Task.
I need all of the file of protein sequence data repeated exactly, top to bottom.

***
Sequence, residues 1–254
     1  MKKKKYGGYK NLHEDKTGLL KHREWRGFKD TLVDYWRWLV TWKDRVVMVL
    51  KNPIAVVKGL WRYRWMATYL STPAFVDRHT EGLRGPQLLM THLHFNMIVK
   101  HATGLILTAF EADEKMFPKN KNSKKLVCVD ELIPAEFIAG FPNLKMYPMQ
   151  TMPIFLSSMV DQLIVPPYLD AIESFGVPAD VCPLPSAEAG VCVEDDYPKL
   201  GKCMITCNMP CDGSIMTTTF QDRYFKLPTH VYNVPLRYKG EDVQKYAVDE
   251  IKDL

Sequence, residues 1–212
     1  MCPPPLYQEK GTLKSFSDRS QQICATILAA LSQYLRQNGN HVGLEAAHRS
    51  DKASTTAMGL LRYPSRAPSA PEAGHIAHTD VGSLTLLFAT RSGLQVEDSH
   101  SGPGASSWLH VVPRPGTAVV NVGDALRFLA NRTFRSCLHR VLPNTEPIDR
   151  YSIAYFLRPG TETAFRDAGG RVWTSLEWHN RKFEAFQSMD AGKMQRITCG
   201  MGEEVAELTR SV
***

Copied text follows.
Sequence, residues 1–254
     1  MKKKKYGGYK NLHEDKTGLL KHREWRGFKD TLVDYWRWLV TWKDRVVMVL
    51  KNPIAVVKGL WRYRWMATYL STPAFVDRHT EGLRGPQLLM THLHFNMIVK
   101  HATGLILTAF EADEKMFPKN KNSKKLVCVD ELIPAEFIAG FPNLKMYPMQ
   151  TMPIFLSSMV DQLIVPPYLD AIESFGVPAD VCPLPSAEAG VCVEDDYPKL
   201  GKCMITCNMP CDGSIMTTTF QDRYFKLPTH VYNVPLRYKG EDVQKYAVDE
   251  IKDL

Sequence, residues 1–212
     1  MCPPPLYQEK GTLKSFSDRS QQICATILAA LSQYLRQNGN HVGLEAAHRS
    51  DKASTTAMGL LRYPSRAPSA PEAGHIAHTD VGSLTLLFAT RSGLQVEDSH
   101  SGPGASSWLH VVPRPGTAVV NVGDALRFLA NRTFRSCLHR VLPNTEPIDR
   151  YSIAYFLRPG TETAFRDAGG RVWTSLEWHN RKFEAFQSMD AGKMQRITCG
   201  MGEEVAELTR SV